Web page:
Does Smoking before and after Hair Transplant Surgery Affect Hair Growth?

Question: I am into my fifth week of a 4000 graft follicular unit extraction (FUE) hair transplant. My healing was pretty fine: not much discomfort in recipient or donor area. Shock loss appeared in 2nd week which I think has subsided substantially now. My query is: I'm a smoker and was unable to quit it pre or post procedure. Will it affect the yield? In my view, healing was not hampered much. Is there anyone who smoked and underwent successful hair restoration surgery?

Answer: Smoking is known to present a risk to healing. One concern is that the nicotine in cigarettes causes blood vessels to constrict, decreasing blood flow to the surgery sites. Reduced blood flow means less oxygen and nutrients needed to support healing and tissue growth. In the case of hair transplant surgery this may affect healing and eventual growth of the delicate grafts. Notice that I said "may". Your experience may be different than the experience of another patient who smokes prior to and after surgical hair restoration. There have certainly been members of our hair loss forum in the past that have had excellent results despite continuing to smoke and have stated as much. Still, the risk to hair growth is real and should be considered. Can exercise offset these risks? I don't know. Perhaps the use of Rogaine (minoxidil) which is a vasodilator (increases blood flow) can curtail the constricting effects of smoking. Again, I don't know. The bottom line is that all hair transplant surgeons that I'm aware of advise patients to avoid smoking for a period before and after surgery in order to provide the delicate follicular unit grafts a better chance to heal and grow. The choice to heed or ignore this advice is up to the individual. I do hope your hair transplant meets your expectations and you experience no complications. Best of luck!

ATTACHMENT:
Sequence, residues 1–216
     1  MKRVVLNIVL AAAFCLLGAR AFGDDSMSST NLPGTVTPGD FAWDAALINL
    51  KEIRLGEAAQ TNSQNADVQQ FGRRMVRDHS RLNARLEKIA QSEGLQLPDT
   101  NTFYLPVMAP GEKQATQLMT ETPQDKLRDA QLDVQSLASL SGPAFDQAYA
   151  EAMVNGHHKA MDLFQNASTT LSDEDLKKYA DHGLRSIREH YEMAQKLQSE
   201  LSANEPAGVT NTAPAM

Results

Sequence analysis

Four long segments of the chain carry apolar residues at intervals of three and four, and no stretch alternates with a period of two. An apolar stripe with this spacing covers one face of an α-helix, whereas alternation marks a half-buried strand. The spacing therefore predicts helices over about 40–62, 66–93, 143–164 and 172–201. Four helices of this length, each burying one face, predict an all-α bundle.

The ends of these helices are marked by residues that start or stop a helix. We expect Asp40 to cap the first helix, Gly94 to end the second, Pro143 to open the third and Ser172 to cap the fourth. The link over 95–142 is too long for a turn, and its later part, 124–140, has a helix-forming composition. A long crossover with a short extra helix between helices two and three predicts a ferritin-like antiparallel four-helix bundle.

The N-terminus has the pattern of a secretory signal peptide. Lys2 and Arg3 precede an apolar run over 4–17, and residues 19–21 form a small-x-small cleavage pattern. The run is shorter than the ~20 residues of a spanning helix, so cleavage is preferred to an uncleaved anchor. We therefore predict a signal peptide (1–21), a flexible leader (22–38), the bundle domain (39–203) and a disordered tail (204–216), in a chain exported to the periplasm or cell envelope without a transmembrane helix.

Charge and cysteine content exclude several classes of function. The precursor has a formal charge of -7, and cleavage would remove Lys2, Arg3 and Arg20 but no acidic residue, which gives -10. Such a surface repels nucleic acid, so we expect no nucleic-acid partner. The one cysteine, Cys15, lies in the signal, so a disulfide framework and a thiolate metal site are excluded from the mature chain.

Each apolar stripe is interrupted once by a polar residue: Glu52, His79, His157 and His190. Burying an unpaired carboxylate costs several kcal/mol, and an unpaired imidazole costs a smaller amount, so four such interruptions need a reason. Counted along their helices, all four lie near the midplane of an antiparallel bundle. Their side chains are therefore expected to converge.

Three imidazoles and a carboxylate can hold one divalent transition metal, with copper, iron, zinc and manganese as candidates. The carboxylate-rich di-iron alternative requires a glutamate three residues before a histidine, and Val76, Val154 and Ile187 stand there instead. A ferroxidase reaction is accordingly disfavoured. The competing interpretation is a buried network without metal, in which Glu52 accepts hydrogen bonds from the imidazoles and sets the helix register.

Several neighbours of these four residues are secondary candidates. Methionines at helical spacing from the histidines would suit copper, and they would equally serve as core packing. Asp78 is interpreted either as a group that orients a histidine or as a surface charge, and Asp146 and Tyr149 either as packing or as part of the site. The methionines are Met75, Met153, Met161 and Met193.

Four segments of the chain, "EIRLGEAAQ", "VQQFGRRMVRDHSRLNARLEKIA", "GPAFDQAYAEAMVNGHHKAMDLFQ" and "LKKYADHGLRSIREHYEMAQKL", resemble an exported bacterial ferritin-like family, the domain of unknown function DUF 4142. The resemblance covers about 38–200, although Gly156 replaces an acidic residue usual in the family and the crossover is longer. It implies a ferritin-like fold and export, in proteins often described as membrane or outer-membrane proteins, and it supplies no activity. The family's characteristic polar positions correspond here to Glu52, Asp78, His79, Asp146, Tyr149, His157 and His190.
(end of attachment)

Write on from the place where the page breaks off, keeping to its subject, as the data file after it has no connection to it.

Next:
David Editorial Assistant and Forum Co-Moderator